My smart phone played a gentle ringtone, awakening me. It was 4 AM. I changed into my workout clothes and headed to my garage where I exercised on my elliptical machine for the next 45 minutes. A shower and quick breakfast and I was on my way to work, arriving at 540 AM. This is my daily workday routine which I have kept for over five years. On the weekends, I awaken at 630 AM to do the same workout. Some of my friends have suggested that I should take a break but I know myself. If I miss one day, I descend onto a slippery slope and I could easily convince myself to skip another day. I know.
Many years ago, when I was in high school, a family friend who was a physician, imparted some sage advice. “You are young, so this is a good time to start getting into good habits. Try to exercise at least 20 minutes everyday. It may sound easy but believe me, once you begin college and get a job and a family, it will be very easy to miss a workout. You’ll make excuses. Start now!”
He was right. Although I attempted to put his advice into practice, I only sporadically exercised. At that time, I was not a morning person and I attempted to exercise at the end of my day. The problem was I was too easily distracted by the events of the day. Bad mid-term. Argument with a friend. An onerous work assignment. When I came home, all I wanted to do was relax and vegetate. One missed day quickly slipped into a missed week, then a month. I was on the slippery slope and the scale was testimony to my lack of discipline. I gained thirty pounds over the span of twenty years. It was time to take control.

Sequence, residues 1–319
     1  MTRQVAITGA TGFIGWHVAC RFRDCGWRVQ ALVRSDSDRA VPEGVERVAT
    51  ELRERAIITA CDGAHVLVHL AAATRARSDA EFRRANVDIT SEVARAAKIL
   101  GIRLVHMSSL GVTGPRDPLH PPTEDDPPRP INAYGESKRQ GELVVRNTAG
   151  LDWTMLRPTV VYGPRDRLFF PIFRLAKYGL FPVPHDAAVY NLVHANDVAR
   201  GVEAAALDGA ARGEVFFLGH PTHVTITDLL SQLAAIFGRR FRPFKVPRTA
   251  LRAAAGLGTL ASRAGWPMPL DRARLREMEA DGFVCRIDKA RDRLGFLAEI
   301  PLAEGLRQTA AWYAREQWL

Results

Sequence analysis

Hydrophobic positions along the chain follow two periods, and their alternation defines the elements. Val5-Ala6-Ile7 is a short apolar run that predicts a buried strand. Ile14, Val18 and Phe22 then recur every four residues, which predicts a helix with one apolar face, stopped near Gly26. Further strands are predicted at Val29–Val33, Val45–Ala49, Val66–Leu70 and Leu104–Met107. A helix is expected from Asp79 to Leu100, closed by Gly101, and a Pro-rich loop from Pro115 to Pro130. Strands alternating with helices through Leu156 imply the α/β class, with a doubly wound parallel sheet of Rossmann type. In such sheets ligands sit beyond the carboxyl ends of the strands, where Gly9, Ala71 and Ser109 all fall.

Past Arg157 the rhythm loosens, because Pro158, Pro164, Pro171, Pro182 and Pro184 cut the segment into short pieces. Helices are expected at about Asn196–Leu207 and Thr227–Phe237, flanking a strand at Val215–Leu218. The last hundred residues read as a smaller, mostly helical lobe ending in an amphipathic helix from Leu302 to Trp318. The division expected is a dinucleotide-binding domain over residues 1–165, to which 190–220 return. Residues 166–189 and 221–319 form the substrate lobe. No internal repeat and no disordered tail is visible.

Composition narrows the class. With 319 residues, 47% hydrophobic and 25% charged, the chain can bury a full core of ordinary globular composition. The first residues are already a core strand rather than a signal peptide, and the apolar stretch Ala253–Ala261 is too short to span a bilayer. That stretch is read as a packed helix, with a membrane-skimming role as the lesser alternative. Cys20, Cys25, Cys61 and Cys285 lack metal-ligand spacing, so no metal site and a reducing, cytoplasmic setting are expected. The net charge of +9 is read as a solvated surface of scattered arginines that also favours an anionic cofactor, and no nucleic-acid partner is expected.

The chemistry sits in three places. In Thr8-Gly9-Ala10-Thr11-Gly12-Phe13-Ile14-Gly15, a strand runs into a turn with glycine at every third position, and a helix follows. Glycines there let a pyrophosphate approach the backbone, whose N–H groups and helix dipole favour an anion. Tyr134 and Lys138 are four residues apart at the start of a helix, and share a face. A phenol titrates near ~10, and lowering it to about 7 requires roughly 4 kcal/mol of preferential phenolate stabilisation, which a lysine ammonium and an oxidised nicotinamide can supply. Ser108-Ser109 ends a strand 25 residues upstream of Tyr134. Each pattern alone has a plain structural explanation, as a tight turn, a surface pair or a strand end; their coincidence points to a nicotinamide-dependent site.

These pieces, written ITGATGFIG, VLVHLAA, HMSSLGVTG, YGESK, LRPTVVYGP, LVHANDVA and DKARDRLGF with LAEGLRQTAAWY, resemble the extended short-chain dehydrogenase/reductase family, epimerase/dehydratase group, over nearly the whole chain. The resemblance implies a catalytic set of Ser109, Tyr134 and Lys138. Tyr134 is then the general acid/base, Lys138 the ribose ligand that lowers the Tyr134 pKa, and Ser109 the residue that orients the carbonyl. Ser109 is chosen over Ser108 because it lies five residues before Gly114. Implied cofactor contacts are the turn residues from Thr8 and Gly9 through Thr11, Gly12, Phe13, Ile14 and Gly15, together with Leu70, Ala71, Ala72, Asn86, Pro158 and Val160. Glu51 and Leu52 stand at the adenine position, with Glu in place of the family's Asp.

A similar mindset applies to my spiritual life. My usual practice is to pray as I drive to work then I read the Bible when I am at my office. However, like my exercise routine, I was not always as disciplined. Excuses easily crept in and I justified it by reasoning that I was doing things for my family or helping others with my job as a physician. However, I knew I was only lying to God.
I passed by the field of the sluggard and by the vineyard of the man lacking sense, and behold, it was completely overgrown with thistles; its surface was covered with nettles, and its stone wall was broken down. When I saw, I reflected upon it; I looked, and received instruction. “A little sleep, a little slumber, A little folding of the hands to rest,” Then your poverty will come as a robber and your want like an armed man.
Proverbs 24:30-34 (NASB)
If I have the discipline to exercise everyday, I should certainly have the spiritual discipline to read the Bible and pray to God everyday.
…On the other hand, discipline yourself for the purpose of godliness; for bodily discipline is only of little profit, but godliness is profitable for all things, since it holds promise for the present life and also for the life to come.
1 Timothy 4:7-9 (NASB)
A little sleep and a little slumber quickly leads one to careen down a slippery slope, ending in excuses and laziness. The disciplined life begins and ends with godliness.
Love and trust in the Lord; seek His will in your life.